then do nothing, and jump to the end of the program.  If not, then go through the following steps:


4.2) It will temporarily set the vertical and/or horizontal count compare register in the slave screens (video controllers) to zero or a very low number such as 1, 2, 3, .  . . This will cause the vertical and/or horizontal counter to be reset in
a short period of time.


4.3) Then wait a specified amount of time, generally just longer than one vertical line period (typically 63.5 microseconds to as fast as 15 microseconds).


4.4) Then, at the end of this wait period, return the vertical and/or horizontal count compare register values to their original values.


4.5) Finally, exit the program that was triggered by the vertical blank period.  The result is that the slave screens (video controllers) are now within a few horizontal lines of vertical phase lock, or at least closer than they were.  Following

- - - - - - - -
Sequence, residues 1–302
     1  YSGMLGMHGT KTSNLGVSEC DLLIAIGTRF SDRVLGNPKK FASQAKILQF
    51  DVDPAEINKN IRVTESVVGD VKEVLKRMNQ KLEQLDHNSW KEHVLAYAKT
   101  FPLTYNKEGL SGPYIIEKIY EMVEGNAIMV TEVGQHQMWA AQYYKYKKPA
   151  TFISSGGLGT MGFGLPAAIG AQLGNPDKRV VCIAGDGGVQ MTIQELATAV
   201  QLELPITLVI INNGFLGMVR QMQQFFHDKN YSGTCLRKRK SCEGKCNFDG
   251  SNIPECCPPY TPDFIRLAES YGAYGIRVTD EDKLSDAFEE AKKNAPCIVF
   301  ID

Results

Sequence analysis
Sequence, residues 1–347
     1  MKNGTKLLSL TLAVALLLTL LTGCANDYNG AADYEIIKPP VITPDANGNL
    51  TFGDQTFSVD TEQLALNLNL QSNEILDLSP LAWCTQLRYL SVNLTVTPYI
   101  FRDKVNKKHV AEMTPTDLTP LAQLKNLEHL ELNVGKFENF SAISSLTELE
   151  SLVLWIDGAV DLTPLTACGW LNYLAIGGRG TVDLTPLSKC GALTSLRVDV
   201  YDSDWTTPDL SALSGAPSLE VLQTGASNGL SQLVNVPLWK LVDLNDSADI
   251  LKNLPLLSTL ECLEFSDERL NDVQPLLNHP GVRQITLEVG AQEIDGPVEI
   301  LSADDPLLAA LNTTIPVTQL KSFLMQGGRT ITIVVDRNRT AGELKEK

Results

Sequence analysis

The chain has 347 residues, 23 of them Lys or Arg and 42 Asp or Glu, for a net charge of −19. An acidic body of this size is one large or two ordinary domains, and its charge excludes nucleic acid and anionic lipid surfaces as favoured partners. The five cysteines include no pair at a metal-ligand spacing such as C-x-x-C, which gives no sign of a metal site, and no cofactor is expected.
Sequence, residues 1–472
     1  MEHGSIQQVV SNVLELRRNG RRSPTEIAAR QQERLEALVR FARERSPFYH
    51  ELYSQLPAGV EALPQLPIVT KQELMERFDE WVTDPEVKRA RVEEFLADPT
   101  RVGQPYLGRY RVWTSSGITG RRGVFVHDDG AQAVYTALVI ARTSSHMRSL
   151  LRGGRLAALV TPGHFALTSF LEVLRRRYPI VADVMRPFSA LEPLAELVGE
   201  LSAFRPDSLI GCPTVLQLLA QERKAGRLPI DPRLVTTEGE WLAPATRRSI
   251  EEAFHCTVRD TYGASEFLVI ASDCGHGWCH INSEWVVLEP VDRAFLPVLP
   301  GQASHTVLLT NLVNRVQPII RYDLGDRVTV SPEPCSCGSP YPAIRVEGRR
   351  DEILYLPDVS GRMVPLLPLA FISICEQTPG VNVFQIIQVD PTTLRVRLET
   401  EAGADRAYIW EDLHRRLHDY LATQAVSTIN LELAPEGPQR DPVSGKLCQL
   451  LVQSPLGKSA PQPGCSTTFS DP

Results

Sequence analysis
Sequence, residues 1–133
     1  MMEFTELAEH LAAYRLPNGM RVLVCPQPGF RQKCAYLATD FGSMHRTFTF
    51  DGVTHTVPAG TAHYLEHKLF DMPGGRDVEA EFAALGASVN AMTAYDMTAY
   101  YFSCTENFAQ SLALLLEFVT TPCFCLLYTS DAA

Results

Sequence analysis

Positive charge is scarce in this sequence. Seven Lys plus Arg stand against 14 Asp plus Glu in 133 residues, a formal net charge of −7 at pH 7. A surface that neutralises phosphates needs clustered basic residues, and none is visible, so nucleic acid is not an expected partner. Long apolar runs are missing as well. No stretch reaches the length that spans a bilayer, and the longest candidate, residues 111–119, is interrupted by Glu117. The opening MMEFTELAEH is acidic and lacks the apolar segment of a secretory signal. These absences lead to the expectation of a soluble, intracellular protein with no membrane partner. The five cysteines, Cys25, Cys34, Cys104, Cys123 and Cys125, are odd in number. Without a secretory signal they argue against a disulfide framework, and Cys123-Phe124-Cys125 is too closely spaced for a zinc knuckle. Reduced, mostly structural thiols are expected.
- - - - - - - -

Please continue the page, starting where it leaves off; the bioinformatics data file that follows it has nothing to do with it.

vertical blank triggerings of this program will bring the slave screens to within a few horizontal lines of vertical phase lock and then stop the process.  The program will typically be triggered to run several hundred times, during the first several
seconds of time after it is turned on to search for vertical blank by polling or interrupt.


Another software method is to use slave video controllers that have a hardware feature commonly referred to a "genlock".  This means that its vertical and horizontal video pixel position scan counters are resettable.  That is, they can be